Next I’ll discuss the build up, or lack thereof. Okay, so there were only like 10 minutes or so before we got directly into the action, but there’s a couple things that allow this to slide. 1)The movie is short. Since it’s running only 90 minutes long, how much build up can you actually get: 2) There are basically only two characters, Kowalsky and Stone. You learn everything you need to know about them in the first ten minutes, specifically and most importantly that Stone basically has nothing back home on Earth. She doesn’t have anything to live for. That’s the most important thing to know about this film and about her character. She doesn’t have much to live for, yet somehow wants to survive. This is where the film gets into it its deeper implications about human nature, something else that makes the film great. I’m a sucker for this kind of stuff, but it’s not just about space and meteors and dying: it’s about surviving and motivation and will. I know I’ve already mentioned this a number of times, but that’s really such an integral part of making this film as great as it is.
And here’s my last counter argument: If you’re going to the movies to see a film for it’s scientific accuracy, then you’re not seeing a film for the right reasons. Since when has a movie EVER needed to be scientifically accurate to be good. Film is supposed to test boundaries and break down the realm of possibility. Maybe people like movies if they’re realistic, because they like feeling a connection to the film. But seriously, if you find yourself hating on a film because of scientific inaccuracies, you’re not enjoying cinema.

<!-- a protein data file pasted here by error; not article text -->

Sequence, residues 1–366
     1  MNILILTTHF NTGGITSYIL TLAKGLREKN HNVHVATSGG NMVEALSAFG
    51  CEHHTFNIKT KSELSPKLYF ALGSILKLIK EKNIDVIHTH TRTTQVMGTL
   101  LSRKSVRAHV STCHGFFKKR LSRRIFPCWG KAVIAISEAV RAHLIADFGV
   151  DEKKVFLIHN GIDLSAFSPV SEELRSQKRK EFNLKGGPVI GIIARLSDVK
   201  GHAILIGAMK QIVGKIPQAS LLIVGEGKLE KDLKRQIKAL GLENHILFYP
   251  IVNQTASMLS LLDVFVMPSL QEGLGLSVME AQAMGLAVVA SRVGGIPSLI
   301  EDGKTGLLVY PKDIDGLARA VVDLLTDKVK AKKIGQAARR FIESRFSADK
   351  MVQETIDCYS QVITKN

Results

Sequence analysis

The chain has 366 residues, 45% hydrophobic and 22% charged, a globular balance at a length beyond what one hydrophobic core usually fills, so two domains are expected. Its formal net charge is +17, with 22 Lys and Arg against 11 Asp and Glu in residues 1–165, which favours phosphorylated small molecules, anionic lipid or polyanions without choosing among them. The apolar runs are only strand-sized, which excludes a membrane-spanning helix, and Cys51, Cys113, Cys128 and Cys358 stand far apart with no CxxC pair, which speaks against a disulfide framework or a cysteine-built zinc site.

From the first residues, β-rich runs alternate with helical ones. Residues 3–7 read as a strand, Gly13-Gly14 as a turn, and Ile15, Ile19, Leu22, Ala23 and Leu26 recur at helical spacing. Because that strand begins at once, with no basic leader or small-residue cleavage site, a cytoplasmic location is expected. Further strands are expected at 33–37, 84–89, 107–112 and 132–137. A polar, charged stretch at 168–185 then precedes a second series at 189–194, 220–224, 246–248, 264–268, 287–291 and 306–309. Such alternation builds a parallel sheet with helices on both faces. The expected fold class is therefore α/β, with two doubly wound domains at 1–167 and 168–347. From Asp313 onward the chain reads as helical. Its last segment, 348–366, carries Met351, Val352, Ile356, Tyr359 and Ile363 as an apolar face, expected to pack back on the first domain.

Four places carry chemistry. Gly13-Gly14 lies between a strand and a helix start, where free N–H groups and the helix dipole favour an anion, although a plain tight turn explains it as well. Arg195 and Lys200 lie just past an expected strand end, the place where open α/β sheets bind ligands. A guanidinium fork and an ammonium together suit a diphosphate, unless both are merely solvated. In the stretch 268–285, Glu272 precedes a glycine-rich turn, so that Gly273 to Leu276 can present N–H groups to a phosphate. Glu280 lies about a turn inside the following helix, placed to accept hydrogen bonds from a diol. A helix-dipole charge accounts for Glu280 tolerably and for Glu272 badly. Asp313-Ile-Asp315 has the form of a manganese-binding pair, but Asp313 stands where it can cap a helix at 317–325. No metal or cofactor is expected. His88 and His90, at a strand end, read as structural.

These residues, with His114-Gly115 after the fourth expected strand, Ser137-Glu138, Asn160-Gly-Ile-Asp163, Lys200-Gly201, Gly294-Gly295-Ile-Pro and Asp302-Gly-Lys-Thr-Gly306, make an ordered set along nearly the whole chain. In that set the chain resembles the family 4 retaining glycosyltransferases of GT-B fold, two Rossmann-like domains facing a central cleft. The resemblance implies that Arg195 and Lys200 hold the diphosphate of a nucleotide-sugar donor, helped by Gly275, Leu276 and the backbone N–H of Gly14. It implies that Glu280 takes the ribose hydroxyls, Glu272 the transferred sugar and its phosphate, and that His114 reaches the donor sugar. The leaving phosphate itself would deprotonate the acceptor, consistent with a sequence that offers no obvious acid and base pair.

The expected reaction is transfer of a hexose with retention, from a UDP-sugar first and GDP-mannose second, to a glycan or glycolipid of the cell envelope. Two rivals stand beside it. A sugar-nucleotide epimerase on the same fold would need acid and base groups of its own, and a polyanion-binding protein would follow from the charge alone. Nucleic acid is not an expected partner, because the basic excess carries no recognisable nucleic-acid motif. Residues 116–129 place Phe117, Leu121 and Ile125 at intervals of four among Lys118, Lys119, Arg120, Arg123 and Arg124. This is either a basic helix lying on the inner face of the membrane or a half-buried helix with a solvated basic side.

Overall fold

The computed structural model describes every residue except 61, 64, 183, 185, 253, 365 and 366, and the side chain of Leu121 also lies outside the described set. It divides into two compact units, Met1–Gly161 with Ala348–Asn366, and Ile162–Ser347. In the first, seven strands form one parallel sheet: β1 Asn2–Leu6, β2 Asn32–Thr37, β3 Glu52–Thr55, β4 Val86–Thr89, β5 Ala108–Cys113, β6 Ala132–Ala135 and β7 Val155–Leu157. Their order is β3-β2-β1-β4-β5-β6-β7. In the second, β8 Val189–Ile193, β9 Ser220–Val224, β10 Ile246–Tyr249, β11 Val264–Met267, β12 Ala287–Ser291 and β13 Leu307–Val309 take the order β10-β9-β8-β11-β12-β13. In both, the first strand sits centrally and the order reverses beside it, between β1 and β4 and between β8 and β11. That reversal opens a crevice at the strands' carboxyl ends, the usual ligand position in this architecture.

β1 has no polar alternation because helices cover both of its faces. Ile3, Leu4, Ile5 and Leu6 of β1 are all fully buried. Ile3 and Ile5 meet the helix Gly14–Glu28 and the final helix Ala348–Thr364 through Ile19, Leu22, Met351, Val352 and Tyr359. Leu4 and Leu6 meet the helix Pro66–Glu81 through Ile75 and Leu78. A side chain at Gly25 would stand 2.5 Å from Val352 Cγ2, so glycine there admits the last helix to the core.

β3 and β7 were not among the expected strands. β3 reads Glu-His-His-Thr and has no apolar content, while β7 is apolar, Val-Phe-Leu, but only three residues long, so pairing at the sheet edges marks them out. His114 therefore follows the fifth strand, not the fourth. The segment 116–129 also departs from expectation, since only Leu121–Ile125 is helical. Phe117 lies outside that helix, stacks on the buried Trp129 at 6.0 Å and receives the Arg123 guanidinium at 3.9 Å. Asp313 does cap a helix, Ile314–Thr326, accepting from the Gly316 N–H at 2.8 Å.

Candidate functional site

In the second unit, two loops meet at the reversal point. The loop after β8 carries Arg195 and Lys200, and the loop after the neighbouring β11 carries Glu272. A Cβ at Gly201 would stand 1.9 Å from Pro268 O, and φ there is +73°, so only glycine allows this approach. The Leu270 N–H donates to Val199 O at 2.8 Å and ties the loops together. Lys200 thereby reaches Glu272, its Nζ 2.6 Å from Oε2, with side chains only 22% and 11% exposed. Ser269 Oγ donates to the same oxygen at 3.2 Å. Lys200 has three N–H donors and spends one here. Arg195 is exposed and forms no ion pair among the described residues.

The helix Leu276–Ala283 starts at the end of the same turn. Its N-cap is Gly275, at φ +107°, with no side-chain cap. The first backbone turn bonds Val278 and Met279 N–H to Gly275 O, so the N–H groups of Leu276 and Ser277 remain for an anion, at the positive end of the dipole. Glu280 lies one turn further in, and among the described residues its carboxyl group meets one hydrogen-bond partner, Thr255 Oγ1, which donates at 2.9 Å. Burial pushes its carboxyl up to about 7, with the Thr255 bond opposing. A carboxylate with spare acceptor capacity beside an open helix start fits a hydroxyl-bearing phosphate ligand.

Gravity is indefinitely the best film we have reviewed (so far) in my opinion. I didn’t even have to mention the dazzling, groundbreaking effects and cinematography, or even Alfonso Cuaron’s masterful job directing. To keep it short, this movie is quite the spectacle.
9.5 out of 10
To the normal viewer, space is an endless, dark, vapid setting with not a whole lot to offer as far as adventure if no aliens, airlocks or Enterprises are involved.
But to the trained, Hollywood eye, space has developed into an excellent backdrop for evolution, creation, discovery and a whole slew of other things that films like 2001: A Space Odyssey were able to cram in.
Gravity, the Best Picture nominee that it is, takes these two perspectives and sandwiches them together in a satisfying way that did not get too lost in its own action or ideas. So let’s dive into it: